THE POLICE, fire and ambulance services play a vital role in keeping us safe and serving our community.

They already work side-by-side in a wide range of situations. Greater collaborative working is not only more effective, but more efficient – saving money as well as lives.

But a terrorist attack is such a unusual incident that even the best planning and co-ordination can go out of the window in the chaos that ensues.

That’s why emergency services in West Yorkshire are planning to work more closely together as part of a pilot scheme to avoid repeating mistakes made after the Manchester Arena bombing.

The scheme could see the emergency planners from the local police, fire and ambulance services working in the same office to improve responses to any potential major incidents in West Yorkshire.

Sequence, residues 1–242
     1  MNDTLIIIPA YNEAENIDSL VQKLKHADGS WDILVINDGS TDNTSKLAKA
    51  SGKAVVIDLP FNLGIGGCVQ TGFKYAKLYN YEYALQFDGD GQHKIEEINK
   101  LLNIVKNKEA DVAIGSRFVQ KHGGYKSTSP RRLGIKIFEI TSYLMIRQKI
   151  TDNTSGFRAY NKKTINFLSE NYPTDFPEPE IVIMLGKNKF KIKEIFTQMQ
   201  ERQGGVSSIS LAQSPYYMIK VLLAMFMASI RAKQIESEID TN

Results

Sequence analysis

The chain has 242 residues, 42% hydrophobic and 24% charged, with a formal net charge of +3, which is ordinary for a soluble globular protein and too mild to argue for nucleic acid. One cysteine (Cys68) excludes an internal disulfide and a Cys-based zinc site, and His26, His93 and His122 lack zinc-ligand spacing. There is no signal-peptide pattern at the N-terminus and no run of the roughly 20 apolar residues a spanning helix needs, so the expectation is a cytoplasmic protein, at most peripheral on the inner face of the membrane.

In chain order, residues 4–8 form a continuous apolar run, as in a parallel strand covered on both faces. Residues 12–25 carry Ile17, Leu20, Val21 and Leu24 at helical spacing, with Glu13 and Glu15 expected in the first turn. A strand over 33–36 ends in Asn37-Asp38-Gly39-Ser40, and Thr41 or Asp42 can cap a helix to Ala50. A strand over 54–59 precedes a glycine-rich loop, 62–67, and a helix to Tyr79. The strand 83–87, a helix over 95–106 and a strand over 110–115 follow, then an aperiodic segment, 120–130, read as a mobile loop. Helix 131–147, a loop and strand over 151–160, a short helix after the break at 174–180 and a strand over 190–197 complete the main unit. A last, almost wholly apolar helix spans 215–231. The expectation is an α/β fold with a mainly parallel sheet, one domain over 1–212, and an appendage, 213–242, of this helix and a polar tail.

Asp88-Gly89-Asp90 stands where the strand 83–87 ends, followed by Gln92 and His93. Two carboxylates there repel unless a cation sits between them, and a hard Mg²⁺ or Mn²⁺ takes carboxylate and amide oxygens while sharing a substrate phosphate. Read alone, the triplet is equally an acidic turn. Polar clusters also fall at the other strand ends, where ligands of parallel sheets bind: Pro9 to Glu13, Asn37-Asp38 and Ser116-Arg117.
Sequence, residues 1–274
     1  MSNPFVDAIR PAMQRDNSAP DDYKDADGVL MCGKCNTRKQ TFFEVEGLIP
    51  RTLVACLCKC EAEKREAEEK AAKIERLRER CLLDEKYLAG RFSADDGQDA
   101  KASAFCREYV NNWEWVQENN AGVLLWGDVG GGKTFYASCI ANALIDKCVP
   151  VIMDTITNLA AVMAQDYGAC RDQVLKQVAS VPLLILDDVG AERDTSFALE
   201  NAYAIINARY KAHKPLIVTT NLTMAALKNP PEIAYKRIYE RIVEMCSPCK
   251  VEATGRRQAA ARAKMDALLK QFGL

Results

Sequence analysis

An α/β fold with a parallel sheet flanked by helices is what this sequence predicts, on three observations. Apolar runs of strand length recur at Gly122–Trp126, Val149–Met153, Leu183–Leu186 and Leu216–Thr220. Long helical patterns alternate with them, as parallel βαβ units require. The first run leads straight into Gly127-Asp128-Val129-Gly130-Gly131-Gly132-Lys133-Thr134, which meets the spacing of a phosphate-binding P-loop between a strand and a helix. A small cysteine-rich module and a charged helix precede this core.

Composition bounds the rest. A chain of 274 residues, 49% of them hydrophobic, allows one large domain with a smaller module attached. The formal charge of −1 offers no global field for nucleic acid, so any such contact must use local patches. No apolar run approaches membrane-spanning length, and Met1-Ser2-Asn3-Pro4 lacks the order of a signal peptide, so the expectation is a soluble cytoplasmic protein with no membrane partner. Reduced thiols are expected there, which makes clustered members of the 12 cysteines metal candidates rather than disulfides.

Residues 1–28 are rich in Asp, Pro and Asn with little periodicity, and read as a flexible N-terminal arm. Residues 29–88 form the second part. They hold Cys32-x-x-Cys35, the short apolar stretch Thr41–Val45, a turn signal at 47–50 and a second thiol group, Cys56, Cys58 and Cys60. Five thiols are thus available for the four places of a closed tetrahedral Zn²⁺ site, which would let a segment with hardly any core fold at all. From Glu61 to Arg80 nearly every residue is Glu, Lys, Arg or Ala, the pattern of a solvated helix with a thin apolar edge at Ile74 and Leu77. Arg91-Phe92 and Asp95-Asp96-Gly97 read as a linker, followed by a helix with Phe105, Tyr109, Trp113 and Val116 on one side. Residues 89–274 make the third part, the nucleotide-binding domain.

Each organisation currently has a separate team to handle emergency situations, focusing on the individual services.

As a result interactions between teams from each service are “informal” and ad hoc.

So co-locating staff emergency planning staff at Elland Road Station in Leeds would seem to make sense. Sharing of information and intelligence would be a seamless process resulting in better communication and a more response.

Our public services need to continually adapt and innovate in response to the threats we face.

Better co-operation in the face of dire emergencies can only be a good thing.